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Geobacter sulfurreducens developed highly structured, multilayer biofilms on the anode surface of a microbial fuel cell converting acetate to electricity. Cells at a distance from the anode remained viable, and there was no decrease in the efficiency of current production as the thickness of the biofilm increased. Genetic studies demonstrated that efficient(More)
It has been previously noted that mixed communities typically produce more power in microbial fuel cells than pure cultures. If true, this has important implications for the design of microbial fuel cells and for studying the process of electron transfer on anode biofilms. To further evaluate this, Geobacter sulfurreducens was grown with acetate as fuel in(More)
Microbial electrosynthesis, a process in which microorganisms use electrons derived from electrodes to reduce carbon dioxide to multicarbon, extracellular organic compounds, is a potential strategy for capturing electrical energy in carbon-carbon bonds of readily stored and easily distributed products, such as transportation fuels. To date, only one(More)
The possibility of providing the acetogenic microorganism Sporomusa ovata with electrons delivered directly to the cells with a graphite electrode for the reduction of carbon dioxide to organic compounds was investigated. Biofilms of S. ovata growing on graphite cathode surfaces consumed electrons with the reduction of carbon dioxide to acetate and small(More)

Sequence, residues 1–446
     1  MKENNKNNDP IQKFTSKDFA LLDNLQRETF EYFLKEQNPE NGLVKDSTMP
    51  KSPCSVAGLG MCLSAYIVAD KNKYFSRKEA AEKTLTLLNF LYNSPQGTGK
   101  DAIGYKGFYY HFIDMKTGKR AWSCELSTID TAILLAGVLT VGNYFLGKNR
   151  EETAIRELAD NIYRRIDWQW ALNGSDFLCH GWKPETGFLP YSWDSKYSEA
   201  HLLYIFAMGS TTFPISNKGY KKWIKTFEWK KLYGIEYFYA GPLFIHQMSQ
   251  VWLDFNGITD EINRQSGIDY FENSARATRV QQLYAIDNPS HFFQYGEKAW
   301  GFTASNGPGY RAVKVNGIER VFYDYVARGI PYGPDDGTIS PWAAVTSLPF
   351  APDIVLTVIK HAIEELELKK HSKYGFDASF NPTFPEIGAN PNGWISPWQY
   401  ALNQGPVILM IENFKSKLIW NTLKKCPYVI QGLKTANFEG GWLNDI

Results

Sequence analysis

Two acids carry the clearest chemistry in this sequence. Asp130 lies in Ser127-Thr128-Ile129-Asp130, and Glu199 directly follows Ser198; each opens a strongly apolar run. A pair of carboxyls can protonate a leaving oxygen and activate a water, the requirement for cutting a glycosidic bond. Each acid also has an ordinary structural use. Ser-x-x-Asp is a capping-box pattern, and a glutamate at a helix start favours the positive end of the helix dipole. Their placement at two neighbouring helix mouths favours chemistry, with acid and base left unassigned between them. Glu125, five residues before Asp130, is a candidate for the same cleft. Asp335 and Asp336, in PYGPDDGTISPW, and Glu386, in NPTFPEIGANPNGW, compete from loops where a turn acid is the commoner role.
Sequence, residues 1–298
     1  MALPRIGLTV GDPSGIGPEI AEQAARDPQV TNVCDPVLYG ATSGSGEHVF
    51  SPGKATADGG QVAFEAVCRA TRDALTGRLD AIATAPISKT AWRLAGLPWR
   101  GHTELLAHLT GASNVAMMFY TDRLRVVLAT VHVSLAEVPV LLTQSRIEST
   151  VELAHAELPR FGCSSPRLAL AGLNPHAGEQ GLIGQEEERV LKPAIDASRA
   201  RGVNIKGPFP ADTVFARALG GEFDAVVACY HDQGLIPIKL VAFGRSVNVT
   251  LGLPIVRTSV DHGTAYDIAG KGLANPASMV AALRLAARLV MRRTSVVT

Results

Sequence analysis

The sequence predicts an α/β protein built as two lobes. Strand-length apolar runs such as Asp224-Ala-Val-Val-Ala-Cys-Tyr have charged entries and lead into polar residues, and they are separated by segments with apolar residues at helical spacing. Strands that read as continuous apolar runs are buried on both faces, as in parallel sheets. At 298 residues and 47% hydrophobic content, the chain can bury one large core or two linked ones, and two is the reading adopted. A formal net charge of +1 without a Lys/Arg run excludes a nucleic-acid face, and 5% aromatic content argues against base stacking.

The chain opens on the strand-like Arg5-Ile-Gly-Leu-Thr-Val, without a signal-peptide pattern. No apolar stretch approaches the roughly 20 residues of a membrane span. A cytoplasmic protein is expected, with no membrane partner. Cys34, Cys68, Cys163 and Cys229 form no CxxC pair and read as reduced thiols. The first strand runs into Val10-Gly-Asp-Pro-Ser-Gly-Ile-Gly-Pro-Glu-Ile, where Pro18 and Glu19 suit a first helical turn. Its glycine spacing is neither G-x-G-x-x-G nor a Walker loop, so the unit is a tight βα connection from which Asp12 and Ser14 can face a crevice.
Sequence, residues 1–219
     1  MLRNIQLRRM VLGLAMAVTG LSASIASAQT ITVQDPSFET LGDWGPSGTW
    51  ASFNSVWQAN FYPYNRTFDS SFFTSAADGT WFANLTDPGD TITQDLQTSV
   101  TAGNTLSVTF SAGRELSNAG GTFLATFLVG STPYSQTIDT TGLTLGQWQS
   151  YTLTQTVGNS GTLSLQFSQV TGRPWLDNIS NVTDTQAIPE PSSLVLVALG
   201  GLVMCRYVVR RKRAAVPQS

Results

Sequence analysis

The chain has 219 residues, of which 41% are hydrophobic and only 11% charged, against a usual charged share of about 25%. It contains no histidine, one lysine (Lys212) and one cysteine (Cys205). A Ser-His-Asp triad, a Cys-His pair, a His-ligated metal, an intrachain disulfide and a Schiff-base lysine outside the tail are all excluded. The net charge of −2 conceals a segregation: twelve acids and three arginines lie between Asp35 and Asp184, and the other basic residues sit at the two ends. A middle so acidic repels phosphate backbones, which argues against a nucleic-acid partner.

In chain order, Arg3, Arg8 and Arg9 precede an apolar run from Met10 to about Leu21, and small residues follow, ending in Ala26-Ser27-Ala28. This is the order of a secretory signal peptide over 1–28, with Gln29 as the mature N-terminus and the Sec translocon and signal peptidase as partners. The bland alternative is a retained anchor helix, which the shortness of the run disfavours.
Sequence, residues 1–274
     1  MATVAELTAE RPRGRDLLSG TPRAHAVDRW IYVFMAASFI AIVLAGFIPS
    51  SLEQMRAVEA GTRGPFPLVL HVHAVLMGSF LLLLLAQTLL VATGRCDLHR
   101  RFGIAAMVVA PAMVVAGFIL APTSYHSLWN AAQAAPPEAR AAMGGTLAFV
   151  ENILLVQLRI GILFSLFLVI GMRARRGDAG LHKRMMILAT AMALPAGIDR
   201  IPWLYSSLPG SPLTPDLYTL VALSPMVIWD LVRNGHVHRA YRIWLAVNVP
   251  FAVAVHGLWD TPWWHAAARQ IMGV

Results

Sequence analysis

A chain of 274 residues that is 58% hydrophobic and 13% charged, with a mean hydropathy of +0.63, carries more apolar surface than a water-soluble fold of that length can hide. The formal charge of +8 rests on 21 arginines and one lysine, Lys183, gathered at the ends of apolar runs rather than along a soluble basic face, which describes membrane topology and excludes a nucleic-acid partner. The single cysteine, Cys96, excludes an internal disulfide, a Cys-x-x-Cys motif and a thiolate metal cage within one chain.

Whole-genome analysis of gene expression in Geobacter sulfurreducens revealed 474 genes with transcript levels that were significantly different during growth with an electrode as the sole electron acceptor versus growth on Fe(III) citrate. The greatest response was a more than 19-fold increase in transcript levels for omcS, which encodes an outer-membrane(More)
The mechanisms by which Geobacter sulfurreducens transfers electrons through relatively thick (>50 microm) biofilms to electrodes acting as a sole electron acceptor were investigated. Biofilms of Geobacter sulfurreducens were grown either in flow-through systems with graphite anodes as the electron acceptor or on the same graphite surface, but with fumarate(More)
The Geobacteraceae citrate synthase is phylogenetically distinct from those of other prokaryotes and is a key enzyme in the central metabolism of Geobacteraceae. Therefore, the potential for using levels of citrate synthase mRNA to estimate rates of Geobacter metabolism was evaluated in pure culture studies and in four different Geobacteraceae-dominated(More)
The possibility that graphite electrodes can serve as the direct electron donor for microbially catalyzed reductive dechlorination was investigated with Geobacter lovleyi. In an initial evaluation of whether G. lovleyi could interact electronically with graphite electrodes, cells were provided with acetate as the electron donor and an electrode as the sole(More)
Fe(III)-reducing isolates were recovered from two aquifers in which Fe(III) reduction is known to be important. Strain Bem(T) was enriched from subsurface sediments collected in Bemidji, MN, USA, near a site where Fe(III) reduction is important in aromatic hydrocarbon degradation. Strains P11, P35(T) and P39 were isolated from the groundwater of an aquifer(More)
This study investigated the possibility that the electrical conductivity of carbon cloth accelerates direct interspecies electron transfer (DIET) in co-cultures. Carbon cloth accelerated metabolism of DIET co-cultures (Geobacter metallireducens-Geobacter sulfurreducens and G.metallireducens-Methanosarcina barkeri) but did not promote metabolism of(More)